Though it is difficult to see shoes under the long gowns of the period, we do know that women's footwear was usually a soft slipper. They were made of delicate fabrics such as brocade, silk, or embroidered leather, none of which were waterproofed. This necessitated the patten, an overshoe with a wooden sole, usually aspen, with an open leather vamp. The patten was tied with latchets onto the foot over the shoe. For the wealthy, it became common for the shoe and patten to be made of the same fabric. The patten had been a fashionable piece of footwear in the previous century, but in this century was worn only as a necessity.
The chopine, another piece of footwear with a raised sole was introduced to Europe in this period. The chopine was worn especially among the courtesans of Venice, and the fashion quickly spread to the rest of Europe, being especially popular in Italy and Spain. These overshoes were on a raised platform, and like the patten, were worn over a slipper shoe, giving height to the wearer. They were made of wood with painted and gilded motifs. Some were encrusted with mother of pearl and other stones, or covered in leather or velvet.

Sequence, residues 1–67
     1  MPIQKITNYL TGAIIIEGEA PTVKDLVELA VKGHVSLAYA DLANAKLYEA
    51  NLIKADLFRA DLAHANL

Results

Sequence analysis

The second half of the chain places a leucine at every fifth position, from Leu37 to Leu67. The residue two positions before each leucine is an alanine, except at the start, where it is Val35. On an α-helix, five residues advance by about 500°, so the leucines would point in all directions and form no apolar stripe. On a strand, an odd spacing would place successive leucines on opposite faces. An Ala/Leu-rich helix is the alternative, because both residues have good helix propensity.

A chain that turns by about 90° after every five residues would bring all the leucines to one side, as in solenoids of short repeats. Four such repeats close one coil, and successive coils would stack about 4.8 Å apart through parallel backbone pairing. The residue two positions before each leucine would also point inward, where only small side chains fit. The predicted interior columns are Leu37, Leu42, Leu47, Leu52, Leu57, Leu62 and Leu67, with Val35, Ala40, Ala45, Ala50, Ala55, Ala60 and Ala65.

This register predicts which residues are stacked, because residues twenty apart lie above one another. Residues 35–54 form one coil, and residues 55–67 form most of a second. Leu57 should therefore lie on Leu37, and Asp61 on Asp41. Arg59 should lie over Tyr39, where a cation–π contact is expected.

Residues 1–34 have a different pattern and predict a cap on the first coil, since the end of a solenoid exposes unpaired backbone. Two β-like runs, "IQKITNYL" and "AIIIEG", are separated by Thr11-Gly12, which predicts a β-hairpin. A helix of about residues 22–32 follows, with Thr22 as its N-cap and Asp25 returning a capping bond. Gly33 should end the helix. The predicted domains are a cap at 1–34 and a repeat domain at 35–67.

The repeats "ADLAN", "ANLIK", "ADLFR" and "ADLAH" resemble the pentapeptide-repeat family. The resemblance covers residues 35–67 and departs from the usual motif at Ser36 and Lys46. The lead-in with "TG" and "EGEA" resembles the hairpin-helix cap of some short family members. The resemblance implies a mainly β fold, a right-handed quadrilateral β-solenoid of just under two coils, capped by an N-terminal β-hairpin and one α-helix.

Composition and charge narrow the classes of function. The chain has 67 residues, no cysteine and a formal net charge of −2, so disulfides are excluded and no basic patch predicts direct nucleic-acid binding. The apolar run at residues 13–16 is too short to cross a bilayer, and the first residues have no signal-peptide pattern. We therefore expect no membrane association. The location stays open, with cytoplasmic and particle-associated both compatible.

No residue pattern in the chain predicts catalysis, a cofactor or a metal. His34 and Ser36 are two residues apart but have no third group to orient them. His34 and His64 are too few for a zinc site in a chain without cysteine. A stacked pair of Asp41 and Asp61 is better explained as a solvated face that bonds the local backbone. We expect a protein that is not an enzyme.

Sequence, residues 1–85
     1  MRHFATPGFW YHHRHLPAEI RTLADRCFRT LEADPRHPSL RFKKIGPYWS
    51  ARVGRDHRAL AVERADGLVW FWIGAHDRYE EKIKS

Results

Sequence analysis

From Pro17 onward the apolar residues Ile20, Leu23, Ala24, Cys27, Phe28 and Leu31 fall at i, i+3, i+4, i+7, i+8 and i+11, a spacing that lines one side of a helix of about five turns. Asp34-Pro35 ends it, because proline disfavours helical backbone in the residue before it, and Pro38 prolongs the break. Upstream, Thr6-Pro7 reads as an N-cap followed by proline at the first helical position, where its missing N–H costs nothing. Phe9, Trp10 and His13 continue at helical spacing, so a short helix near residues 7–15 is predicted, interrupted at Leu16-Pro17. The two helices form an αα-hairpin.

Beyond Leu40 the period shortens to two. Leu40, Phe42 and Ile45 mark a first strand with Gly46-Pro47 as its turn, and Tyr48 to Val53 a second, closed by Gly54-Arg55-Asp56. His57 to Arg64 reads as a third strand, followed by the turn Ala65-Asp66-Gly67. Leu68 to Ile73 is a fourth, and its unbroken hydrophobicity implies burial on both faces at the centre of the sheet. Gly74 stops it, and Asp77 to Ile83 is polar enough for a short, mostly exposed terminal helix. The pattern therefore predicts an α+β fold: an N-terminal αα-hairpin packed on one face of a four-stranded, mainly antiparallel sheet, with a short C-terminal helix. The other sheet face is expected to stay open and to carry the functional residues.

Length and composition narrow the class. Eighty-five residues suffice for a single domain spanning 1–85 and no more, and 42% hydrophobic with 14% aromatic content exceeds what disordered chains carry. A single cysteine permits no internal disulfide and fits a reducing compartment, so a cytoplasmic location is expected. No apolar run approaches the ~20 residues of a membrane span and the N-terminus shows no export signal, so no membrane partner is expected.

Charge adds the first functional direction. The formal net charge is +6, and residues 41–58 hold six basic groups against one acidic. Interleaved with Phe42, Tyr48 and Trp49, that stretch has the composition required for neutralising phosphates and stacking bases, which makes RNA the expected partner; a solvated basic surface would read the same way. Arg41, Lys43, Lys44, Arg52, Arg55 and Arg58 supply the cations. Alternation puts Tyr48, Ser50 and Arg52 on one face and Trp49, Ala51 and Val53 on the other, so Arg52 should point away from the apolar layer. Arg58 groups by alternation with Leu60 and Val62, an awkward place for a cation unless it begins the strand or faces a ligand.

The chopines became so high, up to thirty inches, that when a woman went out, she needed a maidservant to help keep her upright. The Church, which usually abhorred the extremes of fashion, approved the chopines. The height impeded movement, particularly dancing, reducing the opportunities for sin. The chopines caused their own set of unique problems. The extra height the shoes added to the wearer led to complications after marriage when the bridegroom discovered he had married a very short bride. In England, the marriage bond could be annulled if the bride had falsified her height with the chopines. In Venice, the chopine was eventually outlawed after a number of women in Venice miscarried after falling from the chopines during their pregnancies.